Political restrictions are among the challenges said to be hampering free trade.
Government “meddling” in the form of bans and other restrictions on nonferrous scrap exports reflected the influence of consumers “who falsely believe that scrap processed within their borders by us is inherently theirs to consume, regardless of its origin,” BIR Nonferrous Metals Division President Robert Stein of U.S.-based Alter Trading told the divisional meeting in Shanghai on May 27.
Stein’s comments came at the end of a month in which the Indian government had raised the basic customs duty on aluminum scrap imports to 2.5 percent and had re-imposed the 4 percent special additional duty of customs on brass scrap imports—moves he described as “yet another obstacle to the natural flow of metals around the world.”
“The markets are the best at determining where our scrap is shipped; the more barriers to free trade, the higher the costs to the processing community who will seek alternative markets,” Stein said.
In his summary of world markets based on reports submitted to the most recent BIR Nonferrous Metals World Mirror, Paul Coyte of Hayes Metals in New Zealand expressed his confusion as to why the Indian government had chosen to make such changes at a time of global uncertainty when, five years earlier, it had done “the polar opposite.”
Stein also cited a number of the other intractable problems currently confronting the nonferrous sector, including difficult margins, the high cost of scrap and thefts of metal from containers. He welcomed BIR’s decision to join forces with the International Maritime Bureau (IMB), a crime-fighting unit of the International Chamber of Commerce, in order to help it to build a more comprehensive database that could better apprise BIR members of theft and fraud risks around the world.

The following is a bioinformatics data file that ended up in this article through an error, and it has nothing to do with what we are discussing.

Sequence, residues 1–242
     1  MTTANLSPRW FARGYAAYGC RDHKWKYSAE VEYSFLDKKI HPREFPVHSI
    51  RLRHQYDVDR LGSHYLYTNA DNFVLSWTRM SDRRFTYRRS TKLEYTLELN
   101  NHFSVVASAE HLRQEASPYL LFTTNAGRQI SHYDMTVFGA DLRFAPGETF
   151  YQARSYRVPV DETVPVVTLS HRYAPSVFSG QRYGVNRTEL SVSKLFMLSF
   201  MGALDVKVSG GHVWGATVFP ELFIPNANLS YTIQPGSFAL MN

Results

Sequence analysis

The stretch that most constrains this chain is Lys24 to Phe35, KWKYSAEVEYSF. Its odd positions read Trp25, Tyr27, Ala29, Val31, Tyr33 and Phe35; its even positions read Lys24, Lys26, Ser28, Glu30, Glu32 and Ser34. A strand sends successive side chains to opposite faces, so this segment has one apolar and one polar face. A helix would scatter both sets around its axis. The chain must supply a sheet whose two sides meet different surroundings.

The chairman of BIR’s International Trade Council, Robert Voss of UK-based Voss International, urged association members to contact the IMB with details of any theft or fraud. The more information contributed by members on a strictly confidential basis, “the more we are protected as an industry,” Voss insisted.
One of two guest speakers at the BIR Nonferrous Metals Division meeting in Shanghai, C. S. Huang, the chairman and CEO of Ye Chiu Taicang (Aluminum) in China, argued that huge demand from the automotive sector was likely to encourage further development of the aluminum alloy industry in China. He also suggested that the “Green Fence” policy implemented by China earlier this year had deprived many factories in Guangdong of sufficient secondary raw materials to meet their production requirements.
Fellow guest speaker Xun Min Guo, executive vice president of major China-based copper scrap importer Dongying Fangyuan, described scientific innovation as the “lifeblood” of his smelting operation. Award-winning oxygen bottom blowing technology had delivered better recovery rates as well as low operating costs and a one-third reduction in energy usage, he said.
Also in Shanghai, it was noted that the BIR Nonferrous Metals Division had established an Electronic Scrap Committee under the leadership of Phär Oscár of Stena Metall, based in Sweden.
The 2013 BIR World Recycling Convention & Exposition was at the Pudong Shangri-La Hotel in Shanghai May 27-29.